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I'm the owner of a home improvement business in Southeastern Wisconsin, and in mid-2004 we had just finished a roofing job for an elderly couple. As I was walking around the house, I noticed a large car parked under a carport. I started walking around it - it was a light blue 1977 Toronado XS. I always liked the bigger, older cars - one of my ex-bosses had a similar car for 27 years that I admired. I marveled at the style, the length and the wrap-around window, which really caught my eye. I kept walking around and around the car, amazed at the condition, which appeared to be almost perfect. The interior was immaculate with plastic still on the headrests! The homeowner, Fred, came out and told me that he had bought it new, but that he was 89 years old now and couldn't see well enough to drive it any more and that he wanted to sell it. I asked him how much, but he never answered me.
About three months later, Fred left a message on my answering machine asking if I was still interested in the Toronado and that he wanted to sell it for $500. I immediately rushed over and took it for a test drive. It seemed to have every option, handled great and felt like "pudding in a cloud” on the highway. It had 96,000 miles, but had always been perfectly maintained and stored in the winters. I bought it on the spot.
Fred had every piece of documentation from day one - the build sheet, original title, insurance papers, the salesman book from 1977, and of course the owner's manual. I couldn't thank Fred enough and promised him I would take care of it.
It turns out that there had been a storm that had blown Fred's TV antenna off the roof, and he needed $500 to have it replaced - which is why he called me! I did also do some gutter work for him at no charge - and I believe also that he wanted the car to go to someone who would appreciate it and take care of it as he had.
I began to restore the car. I traded a roofing/gutter job to have it repainted the original metallic blue with a hint of blue flake added. Some body work was required for the trunk lid and wheel wells. The bumpers were rechromed. I put in new weather stripping, hood headliner, muffler, brake and gas lines, motor bushings and axles. I cleaned up the engine, touching up the firewall, new hoses, etc. all between November 2004 and May 2005. I showed Fred the car after it was done and he liked it except for one thing "that ain't right” - I didn't replace the side moldings after the repaint, as I like the look without them. I took a picture of him next to the car.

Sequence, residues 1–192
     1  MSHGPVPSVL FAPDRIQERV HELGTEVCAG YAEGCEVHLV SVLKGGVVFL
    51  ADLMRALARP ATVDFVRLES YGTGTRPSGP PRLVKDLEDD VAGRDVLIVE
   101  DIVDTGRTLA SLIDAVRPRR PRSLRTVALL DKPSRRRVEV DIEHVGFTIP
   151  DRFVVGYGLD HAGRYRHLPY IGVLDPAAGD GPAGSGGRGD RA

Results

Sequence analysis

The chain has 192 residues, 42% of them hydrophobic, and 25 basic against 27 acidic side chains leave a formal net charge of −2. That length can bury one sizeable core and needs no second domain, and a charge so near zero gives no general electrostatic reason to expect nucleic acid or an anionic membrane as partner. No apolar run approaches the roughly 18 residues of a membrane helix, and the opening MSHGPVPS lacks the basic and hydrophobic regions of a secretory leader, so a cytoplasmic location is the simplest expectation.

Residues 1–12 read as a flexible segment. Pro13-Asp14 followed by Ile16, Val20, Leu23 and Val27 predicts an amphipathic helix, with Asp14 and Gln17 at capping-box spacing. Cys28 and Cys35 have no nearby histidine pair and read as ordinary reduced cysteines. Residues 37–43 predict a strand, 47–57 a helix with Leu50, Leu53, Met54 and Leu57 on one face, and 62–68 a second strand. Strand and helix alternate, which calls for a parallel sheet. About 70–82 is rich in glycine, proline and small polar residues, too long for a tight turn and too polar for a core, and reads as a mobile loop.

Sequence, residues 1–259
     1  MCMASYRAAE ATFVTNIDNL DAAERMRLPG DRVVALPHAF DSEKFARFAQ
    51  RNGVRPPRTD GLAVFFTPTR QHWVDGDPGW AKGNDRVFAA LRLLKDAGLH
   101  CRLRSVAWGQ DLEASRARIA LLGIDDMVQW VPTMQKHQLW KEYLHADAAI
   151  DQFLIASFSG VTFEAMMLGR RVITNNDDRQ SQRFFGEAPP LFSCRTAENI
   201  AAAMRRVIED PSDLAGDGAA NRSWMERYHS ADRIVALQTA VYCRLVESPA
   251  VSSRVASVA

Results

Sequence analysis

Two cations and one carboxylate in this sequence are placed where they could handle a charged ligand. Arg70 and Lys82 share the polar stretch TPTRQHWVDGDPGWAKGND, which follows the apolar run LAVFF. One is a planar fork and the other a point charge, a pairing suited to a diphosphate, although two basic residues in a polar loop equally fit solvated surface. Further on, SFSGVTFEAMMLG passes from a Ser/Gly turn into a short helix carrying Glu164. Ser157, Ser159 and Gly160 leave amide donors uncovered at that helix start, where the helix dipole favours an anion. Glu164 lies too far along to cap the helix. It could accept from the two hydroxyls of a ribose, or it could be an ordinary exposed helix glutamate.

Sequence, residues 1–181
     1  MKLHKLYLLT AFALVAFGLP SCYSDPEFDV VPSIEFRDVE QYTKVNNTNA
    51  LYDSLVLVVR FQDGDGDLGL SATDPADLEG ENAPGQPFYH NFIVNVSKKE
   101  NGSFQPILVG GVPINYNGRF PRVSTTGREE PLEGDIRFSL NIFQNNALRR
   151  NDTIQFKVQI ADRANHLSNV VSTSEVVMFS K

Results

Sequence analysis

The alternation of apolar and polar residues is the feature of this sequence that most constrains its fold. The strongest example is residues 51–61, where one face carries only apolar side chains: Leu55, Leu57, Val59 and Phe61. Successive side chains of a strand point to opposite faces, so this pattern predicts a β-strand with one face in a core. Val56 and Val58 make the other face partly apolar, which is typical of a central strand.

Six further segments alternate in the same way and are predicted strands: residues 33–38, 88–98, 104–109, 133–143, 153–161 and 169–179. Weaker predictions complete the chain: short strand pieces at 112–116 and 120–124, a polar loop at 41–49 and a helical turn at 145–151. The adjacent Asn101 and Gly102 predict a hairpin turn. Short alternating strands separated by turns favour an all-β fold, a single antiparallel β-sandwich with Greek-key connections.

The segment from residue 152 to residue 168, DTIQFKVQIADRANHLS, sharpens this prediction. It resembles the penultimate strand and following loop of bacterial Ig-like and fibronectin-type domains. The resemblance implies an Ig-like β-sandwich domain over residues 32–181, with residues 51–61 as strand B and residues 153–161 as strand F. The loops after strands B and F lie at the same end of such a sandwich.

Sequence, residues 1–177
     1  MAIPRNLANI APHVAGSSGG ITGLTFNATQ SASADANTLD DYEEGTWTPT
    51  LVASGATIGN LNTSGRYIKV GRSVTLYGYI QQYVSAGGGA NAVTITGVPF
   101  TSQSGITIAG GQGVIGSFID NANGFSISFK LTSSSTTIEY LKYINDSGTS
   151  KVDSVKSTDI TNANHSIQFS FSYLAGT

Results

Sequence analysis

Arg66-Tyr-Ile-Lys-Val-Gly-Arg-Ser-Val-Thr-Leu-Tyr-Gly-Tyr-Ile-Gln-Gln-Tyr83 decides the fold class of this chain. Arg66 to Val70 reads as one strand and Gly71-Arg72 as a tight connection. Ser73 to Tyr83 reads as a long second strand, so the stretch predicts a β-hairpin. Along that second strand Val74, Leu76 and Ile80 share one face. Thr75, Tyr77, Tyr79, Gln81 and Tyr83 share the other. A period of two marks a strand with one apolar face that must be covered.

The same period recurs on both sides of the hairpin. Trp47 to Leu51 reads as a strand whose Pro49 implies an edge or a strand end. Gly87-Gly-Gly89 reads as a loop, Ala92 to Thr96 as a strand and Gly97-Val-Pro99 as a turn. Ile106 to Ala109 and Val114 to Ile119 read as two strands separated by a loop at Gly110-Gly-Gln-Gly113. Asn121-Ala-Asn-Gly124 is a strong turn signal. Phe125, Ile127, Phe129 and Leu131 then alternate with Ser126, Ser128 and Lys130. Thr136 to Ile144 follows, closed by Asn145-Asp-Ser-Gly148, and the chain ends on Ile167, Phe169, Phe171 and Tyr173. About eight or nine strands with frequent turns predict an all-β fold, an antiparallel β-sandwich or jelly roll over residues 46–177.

The first Olds show I attended was the annual Denil-Wall show in Green Bay, WI. I won my class and the trophy was a plaque with a photo of myself next to my car. When I got home, I went over to Fred's house and showed him the plaque and told him that his beautiful Toronado had won best in class. I then switched the photo to the one of him by the car and gave him the plaque. At his request, I hung it on the wall over his television. It was a touching moment for both of us.
The car has won quite a few more trophies since that first one, including 1st place in class at the Homecoming show in Lansing last year and 976 points at the Quad States show. I am hoping to have it judged at the Olds Nationals in Bowling Green this summer. The car was also featured in the recent June 2007 Collectible Automobiles magazine story on the 71-78 GM large cars.
Sadly, this April I found out that Fred had passed away. His wife contacted us and invited us to attend the memorial service with the car. All of his friends and relatives were so happy to see the Toronado in such great shape, and told us many stories of Fred and the car. The Denil-Wall plaque with his photo was prominently displayed at the funeral home.
I realize that my 30 year old "land yacht" is not a sought-after collectible, but to me the comfort, the looks, the reaction from others and the joy of driving it is its true value to me.